The government has decided to use around €185m of taxpayer money to bail out indebted local authorities, it emerged on Friday.
The decision was made by the cabinet on Wednesday, President Nicos Anastasiades tweeted.
“Municipalities and communities are freed from the burden of debt instalments,” he said.
The money spent on debt servicing each year would now be diverted to projects, Anastasides added.
The move has raised eyebrows as local authorities are viewed as a bottomless pit, used by political parties throughout the years as vehicles for featherbedding.
Interior Minister Constantinos Petrides said funding to local authorities has been cut by 40 per cent; vital reform however, is being delayed by parties.
The bills to reform the sector, including cutting the number of local authorities to more sustainable levels, have been languishing in parliament since July 2015 and were not expected to be approved as parties closed ranks ahead of the presidential elections next February.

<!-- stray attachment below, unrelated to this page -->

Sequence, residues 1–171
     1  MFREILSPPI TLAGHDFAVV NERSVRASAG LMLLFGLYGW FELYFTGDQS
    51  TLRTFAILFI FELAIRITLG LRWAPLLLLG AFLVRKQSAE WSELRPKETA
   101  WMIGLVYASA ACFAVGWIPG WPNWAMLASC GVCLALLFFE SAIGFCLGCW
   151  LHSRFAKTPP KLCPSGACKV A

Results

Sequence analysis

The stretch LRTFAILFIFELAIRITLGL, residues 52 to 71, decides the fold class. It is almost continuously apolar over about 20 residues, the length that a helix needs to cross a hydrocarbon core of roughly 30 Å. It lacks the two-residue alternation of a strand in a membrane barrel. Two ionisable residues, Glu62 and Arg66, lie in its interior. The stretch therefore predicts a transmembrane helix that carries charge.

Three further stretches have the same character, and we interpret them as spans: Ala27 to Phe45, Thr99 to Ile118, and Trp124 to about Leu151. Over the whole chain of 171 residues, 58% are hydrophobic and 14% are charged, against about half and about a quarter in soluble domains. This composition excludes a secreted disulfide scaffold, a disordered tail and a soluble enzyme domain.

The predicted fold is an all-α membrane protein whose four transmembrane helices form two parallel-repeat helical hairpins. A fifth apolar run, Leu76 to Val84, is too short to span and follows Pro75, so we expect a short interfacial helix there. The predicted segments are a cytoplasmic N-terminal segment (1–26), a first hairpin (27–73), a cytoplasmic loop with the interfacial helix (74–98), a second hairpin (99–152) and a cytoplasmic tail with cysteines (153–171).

In April, the chairman of the union of municipalities appealed to the government to reinstate the full sum of state funding, saying some authorities were on the verge of default.
Former interior minister Socratis Hasikos had said repeatedly that he local authority model implemented in Cyprus was dated and there was an excessively large number of municipalities – 39 including nine so-called refugee municipalities — with costly departments.
Local authorities are plagued by several problems, as highlighted in successive reports by the auditor-general.
They include cash-flow problems, big delays in debt collections, loans in excess of €300m for some, failure to submit accounts within the period specified by law, non-existent audit procedures and debts to pension funds in excess of €150m.